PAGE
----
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rural schools

They don’t call it the “Corridor of Shame” for nothing … and all the taxpayer money in the world hasn’t done a damn thing to change it.

Despite dozens of new programs and billions of dollars in funding increases over the last decade, South Carolina’s rural school districts are continuing to fail students at a record clip – the latest atrocious indicator in what is shaping up to be one of the worst years on record for public schools in the Palmetto State.

Indeed, South Carolina has the highest rural dropout rate in the entire nation according to a new report from a national non-profit organization that’s focused on raising academic achievement in rural areas.

The report, entitled “Why Rural Matters,” was published last week by the Rural School and Community Trust.  Predictably, not a single mainstream media outlet in South Carolina picked up on the report’s findings – which is almost as pathetic as the academic results the report uncovered.

“Just over half of the state’s rural students graduate from high school, a lower rate than all other states,” the report concludes. “NAEP and NCLB scores are equally alarming, near the bottom on all four indicators.”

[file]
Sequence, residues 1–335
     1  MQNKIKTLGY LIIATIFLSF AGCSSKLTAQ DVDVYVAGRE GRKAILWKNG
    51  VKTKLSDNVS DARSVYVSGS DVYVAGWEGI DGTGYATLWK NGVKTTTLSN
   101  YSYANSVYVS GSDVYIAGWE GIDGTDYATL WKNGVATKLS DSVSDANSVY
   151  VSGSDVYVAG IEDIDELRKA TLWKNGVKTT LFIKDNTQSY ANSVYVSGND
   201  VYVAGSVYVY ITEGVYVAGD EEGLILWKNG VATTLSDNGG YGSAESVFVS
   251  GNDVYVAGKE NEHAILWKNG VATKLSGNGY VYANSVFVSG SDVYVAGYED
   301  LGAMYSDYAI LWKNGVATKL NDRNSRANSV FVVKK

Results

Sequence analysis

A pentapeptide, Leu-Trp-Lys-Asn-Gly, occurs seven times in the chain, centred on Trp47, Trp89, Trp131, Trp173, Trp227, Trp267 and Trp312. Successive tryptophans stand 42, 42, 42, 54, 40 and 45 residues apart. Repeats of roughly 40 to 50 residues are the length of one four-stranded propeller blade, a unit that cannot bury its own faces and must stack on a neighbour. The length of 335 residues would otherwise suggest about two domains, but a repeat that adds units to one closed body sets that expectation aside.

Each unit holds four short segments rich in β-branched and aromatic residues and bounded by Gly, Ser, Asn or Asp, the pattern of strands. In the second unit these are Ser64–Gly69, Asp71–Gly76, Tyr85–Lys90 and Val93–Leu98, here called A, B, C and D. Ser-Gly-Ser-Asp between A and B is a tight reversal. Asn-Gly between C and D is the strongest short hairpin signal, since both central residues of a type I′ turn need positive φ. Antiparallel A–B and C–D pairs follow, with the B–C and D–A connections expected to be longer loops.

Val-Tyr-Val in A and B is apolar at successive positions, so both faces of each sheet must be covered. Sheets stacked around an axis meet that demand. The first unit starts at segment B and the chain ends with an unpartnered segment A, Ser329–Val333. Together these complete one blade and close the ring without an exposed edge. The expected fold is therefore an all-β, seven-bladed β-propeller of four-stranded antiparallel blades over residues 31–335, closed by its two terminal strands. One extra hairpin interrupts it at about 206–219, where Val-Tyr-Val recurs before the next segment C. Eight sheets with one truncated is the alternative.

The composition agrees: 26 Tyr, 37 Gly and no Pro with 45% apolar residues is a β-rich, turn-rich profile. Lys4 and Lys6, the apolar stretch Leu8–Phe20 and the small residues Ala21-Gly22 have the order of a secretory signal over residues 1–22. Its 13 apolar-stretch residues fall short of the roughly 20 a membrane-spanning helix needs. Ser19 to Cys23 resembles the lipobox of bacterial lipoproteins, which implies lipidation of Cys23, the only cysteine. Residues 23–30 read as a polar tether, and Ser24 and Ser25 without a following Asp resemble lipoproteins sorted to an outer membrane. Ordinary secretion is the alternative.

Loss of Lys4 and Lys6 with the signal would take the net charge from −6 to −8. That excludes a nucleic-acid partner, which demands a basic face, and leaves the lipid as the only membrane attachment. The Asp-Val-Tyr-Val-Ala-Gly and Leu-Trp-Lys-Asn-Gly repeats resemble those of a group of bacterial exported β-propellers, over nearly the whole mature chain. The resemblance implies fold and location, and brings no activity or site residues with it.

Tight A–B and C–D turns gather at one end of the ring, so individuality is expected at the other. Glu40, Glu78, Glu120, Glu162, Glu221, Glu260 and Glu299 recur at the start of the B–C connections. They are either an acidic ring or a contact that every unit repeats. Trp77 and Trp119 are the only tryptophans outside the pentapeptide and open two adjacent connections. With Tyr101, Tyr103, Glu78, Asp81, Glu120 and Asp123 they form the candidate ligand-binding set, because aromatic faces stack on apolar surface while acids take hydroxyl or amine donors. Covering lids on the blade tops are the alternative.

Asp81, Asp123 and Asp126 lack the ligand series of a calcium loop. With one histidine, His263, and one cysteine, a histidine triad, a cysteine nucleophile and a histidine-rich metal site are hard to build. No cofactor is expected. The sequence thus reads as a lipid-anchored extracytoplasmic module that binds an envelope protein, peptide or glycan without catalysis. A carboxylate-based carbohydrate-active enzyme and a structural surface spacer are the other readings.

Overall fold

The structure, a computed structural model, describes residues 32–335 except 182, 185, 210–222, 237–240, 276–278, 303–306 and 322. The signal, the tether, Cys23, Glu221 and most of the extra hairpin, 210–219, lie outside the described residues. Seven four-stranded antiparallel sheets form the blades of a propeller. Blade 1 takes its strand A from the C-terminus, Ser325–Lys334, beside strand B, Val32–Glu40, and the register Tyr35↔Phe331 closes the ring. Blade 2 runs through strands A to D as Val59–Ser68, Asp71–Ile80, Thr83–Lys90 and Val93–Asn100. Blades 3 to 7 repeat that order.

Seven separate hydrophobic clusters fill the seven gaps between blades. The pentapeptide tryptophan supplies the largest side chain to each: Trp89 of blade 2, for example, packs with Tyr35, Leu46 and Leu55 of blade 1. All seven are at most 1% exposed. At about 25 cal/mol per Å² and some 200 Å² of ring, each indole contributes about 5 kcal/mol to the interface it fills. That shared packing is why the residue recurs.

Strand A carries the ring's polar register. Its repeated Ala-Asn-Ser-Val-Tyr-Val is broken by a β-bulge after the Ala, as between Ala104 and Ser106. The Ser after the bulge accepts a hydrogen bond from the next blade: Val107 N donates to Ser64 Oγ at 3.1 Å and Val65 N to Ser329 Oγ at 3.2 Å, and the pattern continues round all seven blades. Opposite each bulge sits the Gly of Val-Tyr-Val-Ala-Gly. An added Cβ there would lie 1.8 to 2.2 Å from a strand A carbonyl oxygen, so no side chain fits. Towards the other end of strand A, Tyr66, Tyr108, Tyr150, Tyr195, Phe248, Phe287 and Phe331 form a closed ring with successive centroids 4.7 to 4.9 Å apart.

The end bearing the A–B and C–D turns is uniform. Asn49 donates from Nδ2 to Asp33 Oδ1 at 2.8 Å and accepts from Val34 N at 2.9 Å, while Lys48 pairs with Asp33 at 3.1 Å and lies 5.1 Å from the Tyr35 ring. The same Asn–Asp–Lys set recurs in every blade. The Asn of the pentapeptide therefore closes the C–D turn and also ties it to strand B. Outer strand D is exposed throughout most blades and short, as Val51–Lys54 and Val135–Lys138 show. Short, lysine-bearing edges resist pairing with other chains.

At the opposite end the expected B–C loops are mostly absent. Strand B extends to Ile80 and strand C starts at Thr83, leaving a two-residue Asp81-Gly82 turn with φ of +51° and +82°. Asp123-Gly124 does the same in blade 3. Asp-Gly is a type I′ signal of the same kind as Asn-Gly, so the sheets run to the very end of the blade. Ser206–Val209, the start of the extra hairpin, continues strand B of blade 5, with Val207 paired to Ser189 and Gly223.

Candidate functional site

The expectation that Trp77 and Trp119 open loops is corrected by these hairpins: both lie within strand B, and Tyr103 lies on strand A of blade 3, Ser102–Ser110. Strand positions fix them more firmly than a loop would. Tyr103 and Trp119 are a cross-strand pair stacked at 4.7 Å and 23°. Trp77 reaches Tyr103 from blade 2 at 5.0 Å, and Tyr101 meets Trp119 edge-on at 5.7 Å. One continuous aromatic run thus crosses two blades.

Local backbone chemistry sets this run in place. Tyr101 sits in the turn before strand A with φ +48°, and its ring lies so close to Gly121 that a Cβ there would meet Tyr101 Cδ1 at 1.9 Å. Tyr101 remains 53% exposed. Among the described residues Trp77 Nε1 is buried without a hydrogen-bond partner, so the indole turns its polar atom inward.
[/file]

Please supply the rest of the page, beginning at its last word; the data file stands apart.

The report also found that “spending on instruction in rural districts is very low,” reinforcing previous data showing that less than half of every dollar spent on “education” in South Carolina actually makes it into the classroom

The results mark the latest in a string of setbacks for South Carolina’s education establishment this year.

Last month, educrats were busted trying to dumb down South Carolina’s academic standards – which it’s obvious at this point would have to be considered quite a feat.

Next up, South Carolina’s so-called “budget cuts” – which had been blamed by Superintendent Jim Rex and others for poor academic performance – were revealed to be utter and complete fiction based on data published by the S.C. Office of Research and Statistics.

Those numbers showed that in the midst of the worst economic year since the Great Depression, South Carolina public schools spent more than $12,000 per pupil – a record amount.

Finally, prior to the rural graduation data being released, a report published two weeks ago showed that South Carolina’s overall graduation rate remains among the worst in the nation – which is consistent with our state’s declining SAT and ACT scores.

WEB EXTRA

“Why Rural Matters 2009” Report – South Carolina fact sheet